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The role of intrusions in the formation of many types of gold deposits has been widely debated. Magmatic- hydrothermal processes are proposed by some authors for gold-rich porphyry systems, while many other authors claim that intrusions only serve as convective heat engines or structural hosts for mesothermal gold deposits. Based largely on well-documented examples from Alaska and the Yukon Territory, we recognize a class of deposits that display a spatial and temporal relation to reduced (low fO2) granitoids. Most intrusion-hosted and intrusion-proximal deposits and prospects of this class display a consistent and striking Au-Bi-Te-As (W,Mo,Sb) metal association; evidence for a series of alteration and mineralization events spanning a significant range of temperatures (>500°–<300°C); a consistent pattern of early feldspathic (albite and/or K feldspar) alteration and younger sericite-carbonate alteration; evidence for change in sulfidation state from well below pyrite-pyrrhotite (early) to pyrite-arsenopyrite (late); and the presence of high-CO2 and/or high-salinity fluid inclusions. Fluid inclusion and other geobarometric data indicate formation over a wide range of pressures. Deposits that formed at pressures >1 kbar generally lack evidence for rapid magmatic water exsolution (e.g., porphyritic textures, random stockworks, magmatic breccias). Deposits horizontally and vertically distal from intrusions within a given belt or district typically lack the strong Au-Bi association of proximal deposits and contain higher As, Sb, and base metals and only yield evidence for relatively low-temperature and low-salinity fluids. These latter types possess some characteristics of orogenic (mesothermal), epithermal, or Carlin-type deposits; however, their spatial and temporal association with the higher-temperature deposits suggests a common origin.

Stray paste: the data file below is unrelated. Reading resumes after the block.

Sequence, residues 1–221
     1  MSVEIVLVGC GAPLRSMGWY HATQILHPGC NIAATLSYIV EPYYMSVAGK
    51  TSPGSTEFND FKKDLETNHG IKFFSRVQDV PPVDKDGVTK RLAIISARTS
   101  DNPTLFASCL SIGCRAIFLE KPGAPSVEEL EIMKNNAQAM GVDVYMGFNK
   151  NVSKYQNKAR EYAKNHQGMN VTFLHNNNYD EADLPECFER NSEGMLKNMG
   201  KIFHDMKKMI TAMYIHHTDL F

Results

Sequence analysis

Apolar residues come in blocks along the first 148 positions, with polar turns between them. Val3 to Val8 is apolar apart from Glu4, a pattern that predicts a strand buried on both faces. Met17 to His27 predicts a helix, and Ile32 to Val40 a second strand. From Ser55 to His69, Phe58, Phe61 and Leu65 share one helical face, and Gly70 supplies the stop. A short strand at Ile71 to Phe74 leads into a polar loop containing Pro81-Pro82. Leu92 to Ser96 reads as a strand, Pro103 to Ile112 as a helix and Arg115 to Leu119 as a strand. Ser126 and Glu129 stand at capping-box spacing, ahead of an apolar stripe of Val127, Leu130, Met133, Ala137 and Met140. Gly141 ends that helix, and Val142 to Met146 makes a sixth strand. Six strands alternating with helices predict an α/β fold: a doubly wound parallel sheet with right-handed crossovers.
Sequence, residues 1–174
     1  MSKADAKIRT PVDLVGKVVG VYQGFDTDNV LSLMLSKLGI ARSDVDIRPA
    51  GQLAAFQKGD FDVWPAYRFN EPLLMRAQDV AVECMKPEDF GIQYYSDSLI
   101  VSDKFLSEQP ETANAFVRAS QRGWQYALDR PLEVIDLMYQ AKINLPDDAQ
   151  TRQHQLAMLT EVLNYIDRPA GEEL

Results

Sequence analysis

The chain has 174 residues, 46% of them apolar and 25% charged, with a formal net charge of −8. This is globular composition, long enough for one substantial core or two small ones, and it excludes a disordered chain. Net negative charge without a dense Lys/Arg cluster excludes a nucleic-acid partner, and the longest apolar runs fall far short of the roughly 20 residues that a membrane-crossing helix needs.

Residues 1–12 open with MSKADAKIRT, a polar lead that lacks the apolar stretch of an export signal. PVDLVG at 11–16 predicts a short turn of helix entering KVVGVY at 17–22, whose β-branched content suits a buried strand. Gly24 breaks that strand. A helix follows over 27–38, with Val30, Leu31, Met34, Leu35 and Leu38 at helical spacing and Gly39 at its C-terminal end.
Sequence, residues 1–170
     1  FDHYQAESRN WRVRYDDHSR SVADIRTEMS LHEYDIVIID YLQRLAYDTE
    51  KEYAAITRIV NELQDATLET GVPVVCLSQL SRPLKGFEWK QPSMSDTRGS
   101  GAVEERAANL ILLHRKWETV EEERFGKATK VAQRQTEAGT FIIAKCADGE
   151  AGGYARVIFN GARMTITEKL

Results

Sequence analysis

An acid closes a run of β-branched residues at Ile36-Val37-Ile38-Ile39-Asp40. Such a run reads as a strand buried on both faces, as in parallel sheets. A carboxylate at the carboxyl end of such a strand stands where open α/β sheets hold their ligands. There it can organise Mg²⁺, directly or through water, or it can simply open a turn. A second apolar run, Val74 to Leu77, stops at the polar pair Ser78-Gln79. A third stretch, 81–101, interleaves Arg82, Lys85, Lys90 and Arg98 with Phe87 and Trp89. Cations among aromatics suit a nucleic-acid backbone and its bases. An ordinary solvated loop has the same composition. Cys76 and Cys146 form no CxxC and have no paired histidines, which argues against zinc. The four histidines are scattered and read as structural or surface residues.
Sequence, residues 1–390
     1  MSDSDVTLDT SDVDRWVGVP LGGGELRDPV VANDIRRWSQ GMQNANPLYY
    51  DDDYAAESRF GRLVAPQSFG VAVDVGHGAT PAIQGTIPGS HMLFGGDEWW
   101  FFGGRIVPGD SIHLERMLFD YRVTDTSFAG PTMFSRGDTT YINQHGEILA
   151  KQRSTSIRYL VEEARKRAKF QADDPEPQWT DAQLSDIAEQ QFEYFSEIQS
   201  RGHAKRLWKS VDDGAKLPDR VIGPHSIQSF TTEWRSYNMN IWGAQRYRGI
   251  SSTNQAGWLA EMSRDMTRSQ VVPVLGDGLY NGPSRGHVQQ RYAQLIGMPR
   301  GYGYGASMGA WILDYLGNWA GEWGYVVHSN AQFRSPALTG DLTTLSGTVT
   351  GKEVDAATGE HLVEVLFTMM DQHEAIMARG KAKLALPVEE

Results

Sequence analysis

Although the clearest examples of these reduced intrusion-related deposits (e.g., Fort Knox, Alaska; Dublin Gulch, Yukon Territory) are only of moderate size (<150 tonnes Au), worldwide deposits of apparently similar character and origin host major amounts of gold. Significant global examples include Mokrsko in the Czech Republic, Kidston in Australia, and possibly the world-class Murantau deposit in Kazakstan. Belts hosting deposits of this type occur in a variety of continental arc, back-arc, and collisional settings, most of which contain intrusion-related Sn-W deposits.

A key characteristic of this class of deposit is the occurrence of a wide variety of mineralization styles, depending on formation depth, distance from the parent intrusion, and structural control. It is likely that new variants of this type of deposit are yet to be found in many areas of the world, an assertion supported by the relatively recent discovery of the unusually high-grade Pogo deposit in interior Alaska.

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